Domestic Violence Charges in Arizona
The Maricopa County Attorney’s Office defines domestic violence as:
“...a pattern of controlling behaviors where one person uses their power to control the other. While frequency and severity can vary dramatically in each situation, one consistent component is abusers will try to maintain power and control over their partners. It is not isolated to any one gender, race, economic situation, or upbringing. Domestic violence can be hard to identify because it can take many forms, including physical, sexual, emotional, and financial abuse.”
Under Arizona law, domestic violence involves any crime in which the persons involved have a “domestic relationship,” meaning:
- They are married or formerly married, living together, or having once lived together
- They have a child together or are expecting one
- They are related to each other by blood or court order as a parent, grandparent, child, grandchild, brother or sister, or by marriage as a parent-in-law, grandparent-in-law, stepparent, step-grandparent, stepchild, step-grandchild, brother-in-law or sister-in-law
- There is a child victimized by the defendant who resides or has resided in the same household and is related by blood to a former spouse of the defendant or to a person who resides or who has resided in the same household as the defendant
- They are or have been romantically or sexually involved with one another
In Arizona, domestic violence charges can be the result of something as seemingly minor as an argument, violating a restraining order with a late-night phone call or text, threats of violence, up to actual intentional physical assault. Domestic violence charges can range from a misdemeanor to possible a felony depending on the surrounding circumstances.
Many times, authorities are called to a domestic disturbance with no witnesses and no evidence other than the two involved parties's testimony, under oath, in a court of law. Arizona law requires that arriving police officers must arrest someone involved in the incident as a way to prevent further escalation. The decision on who to arrest for domestic violence is made exclusively by the investing officers and contrary to popular belief, it is not always based simply on who called the police in the first place.
Possible Penalties & Consequences
Many — if not most — domestic violence crimes are charged as a Class 1 misdemeanor, the highest level of misdemeanor. If convicted, the defendant can face up to six months in jail, fines and fees of up to $2,500, 52 hours of domestic violence counseling and classes, and probation of up to five years. However, most first-time offenders receive sentences less than that and possible even qualify for participation in a diversion program to avoid the immense stress of proceeding to trial on the merits.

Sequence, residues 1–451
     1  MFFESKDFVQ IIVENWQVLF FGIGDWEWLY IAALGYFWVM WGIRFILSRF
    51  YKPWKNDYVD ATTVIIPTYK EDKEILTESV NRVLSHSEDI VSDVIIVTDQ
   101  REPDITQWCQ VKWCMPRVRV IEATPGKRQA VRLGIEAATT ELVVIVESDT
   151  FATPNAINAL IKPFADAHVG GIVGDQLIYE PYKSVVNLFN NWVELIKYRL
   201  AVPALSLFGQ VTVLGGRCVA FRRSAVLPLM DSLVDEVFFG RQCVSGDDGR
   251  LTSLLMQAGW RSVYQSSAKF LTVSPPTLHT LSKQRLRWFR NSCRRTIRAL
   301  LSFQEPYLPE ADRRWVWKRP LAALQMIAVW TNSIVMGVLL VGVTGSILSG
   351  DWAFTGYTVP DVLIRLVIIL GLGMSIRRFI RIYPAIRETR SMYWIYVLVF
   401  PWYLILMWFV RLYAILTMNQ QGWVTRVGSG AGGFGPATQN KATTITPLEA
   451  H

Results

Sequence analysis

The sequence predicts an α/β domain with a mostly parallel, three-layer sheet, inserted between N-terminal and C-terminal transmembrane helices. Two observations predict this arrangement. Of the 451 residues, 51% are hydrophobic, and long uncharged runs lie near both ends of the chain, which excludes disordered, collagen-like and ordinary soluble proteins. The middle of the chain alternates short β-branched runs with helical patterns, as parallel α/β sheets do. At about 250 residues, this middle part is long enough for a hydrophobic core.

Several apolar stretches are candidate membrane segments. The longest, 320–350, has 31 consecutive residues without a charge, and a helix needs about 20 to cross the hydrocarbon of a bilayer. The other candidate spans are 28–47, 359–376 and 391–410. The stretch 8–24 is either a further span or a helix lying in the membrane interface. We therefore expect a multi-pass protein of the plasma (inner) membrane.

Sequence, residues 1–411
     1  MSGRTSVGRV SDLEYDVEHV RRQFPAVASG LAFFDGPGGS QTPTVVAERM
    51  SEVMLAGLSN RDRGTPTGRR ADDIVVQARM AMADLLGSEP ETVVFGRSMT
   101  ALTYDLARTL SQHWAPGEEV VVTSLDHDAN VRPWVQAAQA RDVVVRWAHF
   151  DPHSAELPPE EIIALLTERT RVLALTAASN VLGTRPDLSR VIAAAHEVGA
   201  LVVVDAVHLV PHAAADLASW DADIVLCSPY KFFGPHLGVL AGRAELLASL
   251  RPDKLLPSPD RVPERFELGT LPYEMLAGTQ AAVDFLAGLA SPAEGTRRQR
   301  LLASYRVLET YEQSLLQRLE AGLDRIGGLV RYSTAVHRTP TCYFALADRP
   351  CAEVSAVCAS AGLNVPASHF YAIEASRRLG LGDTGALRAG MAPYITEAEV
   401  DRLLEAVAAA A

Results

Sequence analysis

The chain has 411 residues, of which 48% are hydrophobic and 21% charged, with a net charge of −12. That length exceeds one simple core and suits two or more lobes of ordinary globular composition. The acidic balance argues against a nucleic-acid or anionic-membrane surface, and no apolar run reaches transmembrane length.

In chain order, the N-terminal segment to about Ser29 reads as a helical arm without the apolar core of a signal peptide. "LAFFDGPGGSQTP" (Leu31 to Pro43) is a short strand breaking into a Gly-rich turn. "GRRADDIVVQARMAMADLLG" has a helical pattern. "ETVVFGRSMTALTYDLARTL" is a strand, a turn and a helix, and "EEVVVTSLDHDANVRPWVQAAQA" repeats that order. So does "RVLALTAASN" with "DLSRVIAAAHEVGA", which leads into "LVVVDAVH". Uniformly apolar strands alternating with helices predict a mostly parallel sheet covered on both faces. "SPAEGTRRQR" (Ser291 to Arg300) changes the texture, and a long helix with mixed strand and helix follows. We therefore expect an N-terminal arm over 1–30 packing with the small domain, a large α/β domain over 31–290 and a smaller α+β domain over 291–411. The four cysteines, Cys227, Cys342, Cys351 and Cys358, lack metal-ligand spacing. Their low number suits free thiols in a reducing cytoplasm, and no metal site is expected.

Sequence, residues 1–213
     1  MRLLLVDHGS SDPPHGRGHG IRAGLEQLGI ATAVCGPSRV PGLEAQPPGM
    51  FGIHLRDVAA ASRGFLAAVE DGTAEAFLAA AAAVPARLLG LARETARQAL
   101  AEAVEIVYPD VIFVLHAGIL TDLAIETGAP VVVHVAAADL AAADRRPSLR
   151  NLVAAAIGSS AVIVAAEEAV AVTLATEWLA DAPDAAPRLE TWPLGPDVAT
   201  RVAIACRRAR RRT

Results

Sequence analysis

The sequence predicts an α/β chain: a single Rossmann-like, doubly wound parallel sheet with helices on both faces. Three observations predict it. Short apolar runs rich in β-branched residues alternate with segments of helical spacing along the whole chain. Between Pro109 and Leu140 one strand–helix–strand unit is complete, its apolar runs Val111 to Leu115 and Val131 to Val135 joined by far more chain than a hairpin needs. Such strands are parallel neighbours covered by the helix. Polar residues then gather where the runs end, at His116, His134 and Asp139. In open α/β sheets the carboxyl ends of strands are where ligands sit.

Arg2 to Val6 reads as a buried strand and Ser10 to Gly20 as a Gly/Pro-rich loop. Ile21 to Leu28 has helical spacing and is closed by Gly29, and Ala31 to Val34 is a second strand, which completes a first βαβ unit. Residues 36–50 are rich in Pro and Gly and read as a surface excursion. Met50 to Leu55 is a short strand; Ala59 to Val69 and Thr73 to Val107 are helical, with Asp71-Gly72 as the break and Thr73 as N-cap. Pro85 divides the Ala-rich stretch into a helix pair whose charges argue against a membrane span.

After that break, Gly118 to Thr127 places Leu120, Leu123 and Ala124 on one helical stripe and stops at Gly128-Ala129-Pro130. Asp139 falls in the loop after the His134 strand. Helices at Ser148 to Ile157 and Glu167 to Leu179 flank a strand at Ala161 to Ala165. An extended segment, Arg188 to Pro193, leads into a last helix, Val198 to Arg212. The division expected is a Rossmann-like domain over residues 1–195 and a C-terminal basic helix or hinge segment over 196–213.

Domestic violence cases that include strangulation, severe physical injury, use or display of a deadly weapon or dangerous instrument, threats to children or an unborn child will be charged as a felony, or as “domestic crimes against children,” or "DCAC." Even the lowest level of a felony — Class 6 — for a first time offender carries a minimum of 0.33 years in prison and up to a maximum of two years, with the presumptive sentence being one year in prison.
Even a misdemeanor conviction for "domestic violence" will result in losing your right to purchase or possess firearms and other "deadly weapons." If convicted of a felony, you will also lose your right to vote in addition to losing your right to possess firearms and "deadly weapons."
Additional consequences can include being stripped of your parenting or custodial privileges, and even being deported if you are an undocumented resident.
Possible Legal Defenses
Police generally arrive after the domestic violence event has already happened, and they must make split-second decisions based on what they’re told and what they observe. They often arrest the wrong party or make an arrest when in fact no crime actually took place. Your first defense is to challenge their assumptions!
You can show that no crime took place, ou were falsely accused or that you acted in self-defense. The state must also prove you acted with the requisite mental intent in order for you to be found guilty beyond a reasonable doubt.
Choose an Experienced Attorney
Have no doubt about this: prosecutors and the state legislature take domestic violence charges very seriously and as such the prosecutors will aggressively and often seek severe penalties if you are guilty. If you are facing any Scottsdale domestic violence charge, even a misdemeanor, you need to talk with a qualified and highly experienced Scottsdale domestic violence defense lawyer.